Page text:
Words for sale

Aug 20, 2003

These are the magazines I currently subscribe to:

The Atlantic Monthly
The New Yorker
National Geographic Adventure
The New Republic
Island Scene
New York Times Magazine
The Economist

This morning, as I was stacking the past few months’ worth of these magazines, I had an intuition that the door-to-door subscription hawkers would be by soon. And sure enough, just as Anna and I were about to leave the apartment for our afternoon swim, the knock came. Two young men were at the door.

“Hi,” said the talkative one. “We’re part of a communications contest. It helps us with eye contact and personal communication skills. It’s for kids who won’t go to college.” So the spiel started – I’d heard it before, and I knew what was coming. “The top points scorer wins a trip around the world. Have you been to Australia?”

Yes, I sure have. “Then do you want to be our guide?” he quickly came back. He was smooth. And then he whipped out the list of magazines. I took the laminated list – it’s much improved over last year’s paper – and in one fluid motion glanced at it and returned it to him. Sorry, pal, but I’ve got a kid in preschool and we’re already fundraising for her school. “Oh, is she your daughter …” he began, not hearing me say the magic word, No. Sorry, I said, I can’t buy any magazines from you. Good bye.

From the list above, you’ll know that I’m swimming in printed words. Last night I spent a few hours with the latest Atlantic, reading about modern-day high-seas piracy and Rupert Murdoch, a pirate of another sort. I’m addicted to quality magazines, but I can’t afford (time or money) another subscription now, especially on the eve of another semester of graduate school (see my current academic courses at anton.zuiker.com).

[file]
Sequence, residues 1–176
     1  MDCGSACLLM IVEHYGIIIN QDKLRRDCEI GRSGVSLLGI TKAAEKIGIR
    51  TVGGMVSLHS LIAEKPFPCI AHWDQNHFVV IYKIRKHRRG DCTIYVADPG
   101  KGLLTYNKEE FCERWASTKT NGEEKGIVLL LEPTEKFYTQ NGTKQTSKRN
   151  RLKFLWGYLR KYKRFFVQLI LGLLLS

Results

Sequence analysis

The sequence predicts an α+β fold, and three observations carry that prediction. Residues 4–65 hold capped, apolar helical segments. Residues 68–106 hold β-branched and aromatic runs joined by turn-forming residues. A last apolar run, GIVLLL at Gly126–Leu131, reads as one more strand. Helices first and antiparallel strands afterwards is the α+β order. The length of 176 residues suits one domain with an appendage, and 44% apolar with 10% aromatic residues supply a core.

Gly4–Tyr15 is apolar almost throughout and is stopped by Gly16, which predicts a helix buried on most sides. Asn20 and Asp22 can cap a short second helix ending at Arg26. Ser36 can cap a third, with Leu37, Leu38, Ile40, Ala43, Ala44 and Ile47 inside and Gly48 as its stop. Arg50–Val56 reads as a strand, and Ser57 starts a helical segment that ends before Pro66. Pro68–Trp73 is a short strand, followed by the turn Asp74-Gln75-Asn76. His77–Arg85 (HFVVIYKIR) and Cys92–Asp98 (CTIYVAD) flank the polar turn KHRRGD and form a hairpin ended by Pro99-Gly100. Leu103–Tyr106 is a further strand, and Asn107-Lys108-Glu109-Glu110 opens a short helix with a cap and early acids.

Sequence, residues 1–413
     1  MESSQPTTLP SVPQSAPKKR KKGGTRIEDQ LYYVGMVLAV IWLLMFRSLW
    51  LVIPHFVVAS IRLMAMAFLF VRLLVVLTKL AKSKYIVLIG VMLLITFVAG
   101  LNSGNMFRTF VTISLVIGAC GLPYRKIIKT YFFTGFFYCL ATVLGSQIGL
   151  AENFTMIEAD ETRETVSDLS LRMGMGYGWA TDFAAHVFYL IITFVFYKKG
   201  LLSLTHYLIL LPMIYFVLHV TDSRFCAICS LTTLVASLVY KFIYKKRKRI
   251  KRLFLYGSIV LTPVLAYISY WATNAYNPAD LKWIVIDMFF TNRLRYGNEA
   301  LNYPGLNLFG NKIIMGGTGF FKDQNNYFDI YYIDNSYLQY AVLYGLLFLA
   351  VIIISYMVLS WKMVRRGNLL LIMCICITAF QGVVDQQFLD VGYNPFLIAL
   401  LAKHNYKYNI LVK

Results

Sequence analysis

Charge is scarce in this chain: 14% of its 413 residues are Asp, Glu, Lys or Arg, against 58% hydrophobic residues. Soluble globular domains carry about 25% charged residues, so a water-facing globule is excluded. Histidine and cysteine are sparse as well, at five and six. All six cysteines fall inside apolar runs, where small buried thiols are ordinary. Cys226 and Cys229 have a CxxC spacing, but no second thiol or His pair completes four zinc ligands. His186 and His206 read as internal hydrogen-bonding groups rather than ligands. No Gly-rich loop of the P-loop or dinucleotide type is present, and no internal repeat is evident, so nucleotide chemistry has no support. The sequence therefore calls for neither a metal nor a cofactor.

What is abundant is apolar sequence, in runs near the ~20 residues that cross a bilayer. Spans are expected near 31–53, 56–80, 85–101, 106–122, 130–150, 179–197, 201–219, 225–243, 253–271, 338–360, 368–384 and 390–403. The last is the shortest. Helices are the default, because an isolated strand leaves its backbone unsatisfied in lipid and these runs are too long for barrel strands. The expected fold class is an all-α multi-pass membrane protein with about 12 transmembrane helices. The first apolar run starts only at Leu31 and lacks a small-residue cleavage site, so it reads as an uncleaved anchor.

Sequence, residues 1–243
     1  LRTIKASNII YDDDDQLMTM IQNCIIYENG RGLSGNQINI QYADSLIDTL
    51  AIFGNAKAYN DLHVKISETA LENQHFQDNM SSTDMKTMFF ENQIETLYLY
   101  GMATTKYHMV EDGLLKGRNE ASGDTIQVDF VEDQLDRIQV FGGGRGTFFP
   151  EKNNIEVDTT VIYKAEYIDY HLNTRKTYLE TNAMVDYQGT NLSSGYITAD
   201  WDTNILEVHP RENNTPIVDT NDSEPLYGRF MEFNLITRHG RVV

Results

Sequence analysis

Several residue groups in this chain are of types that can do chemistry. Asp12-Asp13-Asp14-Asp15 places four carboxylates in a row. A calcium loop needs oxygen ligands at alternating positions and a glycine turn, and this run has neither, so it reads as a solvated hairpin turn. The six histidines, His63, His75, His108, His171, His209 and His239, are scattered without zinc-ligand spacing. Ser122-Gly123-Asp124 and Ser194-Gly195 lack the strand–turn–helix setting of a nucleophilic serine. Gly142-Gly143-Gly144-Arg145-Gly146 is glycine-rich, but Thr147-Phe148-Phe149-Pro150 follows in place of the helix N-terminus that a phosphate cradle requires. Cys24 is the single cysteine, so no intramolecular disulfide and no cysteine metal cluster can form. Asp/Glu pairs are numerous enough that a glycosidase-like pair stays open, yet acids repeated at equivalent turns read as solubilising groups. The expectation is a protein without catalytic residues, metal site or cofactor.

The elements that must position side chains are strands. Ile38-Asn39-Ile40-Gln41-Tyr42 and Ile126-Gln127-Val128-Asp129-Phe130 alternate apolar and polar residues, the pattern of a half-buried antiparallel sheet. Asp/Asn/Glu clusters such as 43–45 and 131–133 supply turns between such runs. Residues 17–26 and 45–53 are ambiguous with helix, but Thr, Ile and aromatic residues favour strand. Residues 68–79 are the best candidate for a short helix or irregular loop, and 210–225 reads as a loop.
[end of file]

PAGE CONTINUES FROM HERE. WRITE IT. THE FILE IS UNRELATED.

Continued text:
At the pool, I thought back on my own lame attempts at door-to-door salesmanship. I was horrible, too shy and timid to persuade strangers to give me their money for the product of the moment (raffle tickets, cherry-scented shampoo, Grit magazine subscriptions). My grandparents usually came through so that I at least made the minimum quota. Now, I have to start shilling wrapping paper, cake walk tickets and grocery store vouchers to help raise funds for Anna’s preschool, My Morning Out. I might as well start honing my spiel: “Hi. My darling daughter goes to preschool, but I’m too busy reading magazines and writing medical journalism articles to get a job to pay her school fees. Won’t you please buy some wrapping paper?”

Anton Zuiker

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